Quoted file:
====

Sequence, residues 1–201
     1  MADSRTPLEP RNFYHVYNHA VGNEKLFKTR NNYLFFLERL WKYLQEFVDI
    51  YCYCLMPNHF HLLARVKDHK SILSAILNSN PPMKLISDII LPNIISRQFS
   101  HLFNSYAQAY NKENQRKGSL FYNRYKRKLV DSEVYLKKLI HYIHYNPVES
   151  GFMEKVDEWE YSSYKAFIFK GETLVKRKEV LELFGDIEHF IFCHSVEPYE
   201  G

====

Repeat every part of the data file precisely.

Sequence, residues 1–201
     1  MADSRTPLEP RNFYHVYNHA VGNEKLFKTR NNYLFFLERL WKYLQEFVDI
    51  YCYCLMPNHF HLLARVKDHK SILSAILNSN PPMKLISDII LPNIISRQFS
   101  HLFNSYAQAY NKENQRKGSL FYNRYKRKLV DSEVYLKKLI HYIHYNPVES
   151  GFMEKVDEWE YSSYKAFIFK GETLVKRKEV LELFGDIEHF IFCHSVEPYE
   201  G